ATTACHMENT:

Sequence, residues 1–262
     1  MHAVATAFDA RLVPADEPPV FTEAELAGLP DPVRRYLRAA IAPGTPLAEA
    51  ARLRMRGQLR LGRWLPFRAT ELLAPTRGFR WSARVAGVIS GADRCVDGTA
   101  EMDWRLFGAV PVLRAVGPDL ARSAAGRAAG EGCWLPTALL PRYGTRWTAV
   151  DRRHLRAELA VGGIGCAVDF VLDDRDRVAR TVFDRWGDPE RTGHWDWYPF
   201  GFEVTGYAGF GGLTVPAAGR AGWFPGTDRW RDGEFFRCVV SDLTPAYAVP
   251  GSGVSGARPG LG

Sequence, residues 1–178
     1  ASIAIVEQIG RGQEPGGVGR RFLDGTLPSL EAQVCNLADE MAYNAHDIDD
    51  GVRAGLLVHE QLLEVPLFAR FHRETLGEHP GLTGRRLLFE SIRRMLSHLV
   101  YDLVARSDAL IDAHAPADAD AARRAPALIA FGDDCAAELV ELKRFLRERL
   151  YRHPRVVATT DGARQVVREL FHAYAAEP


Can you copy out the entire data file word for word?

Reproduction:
Sequence, residues 1–262
     1  MHAVATAFDA RLVPADEPPV FTEAELAGLP DPVRRYLRAA IAPGTPLAEA
    51  ARLRMRGQLR LGRWLPFRAT ELLAPTRGFR WSARVAGVIS GADRCVDGTA
   101  EMDWRLFGAV PVLRAVGPDL ARSAAGRAAG EGCWLPTALL PRYGTRWTAV
   151  DRRHLRAELA VGGIGCAVDF VLDDRDRVAR TVFDRWGDPE RTGHWDWYPF
   201  GFEVTGYAGF GGLTVPAAGR AGWFPGTDRW RDGEFFRCVV SDLTPAYAVP
   251  GSGVSGARPG LG

Sequence, residues 1–178
     1  ASIAIVEQIG RGQEPGGVGR RFLDGTLPSL EAQVCNLADE MAYNAHDIDD
    51  GVRAGLLVHE QLLEVPLFAR FHRETLGEHP GLTGRRLLFE SIRRMLSHLV
   101  YDLVARSDAL IDAHAPADAD AARRAPALIA FGDDCAAELV ELKRFLRERL
   151  YRHPRVVATT DGARQVVREL FHAYAAEP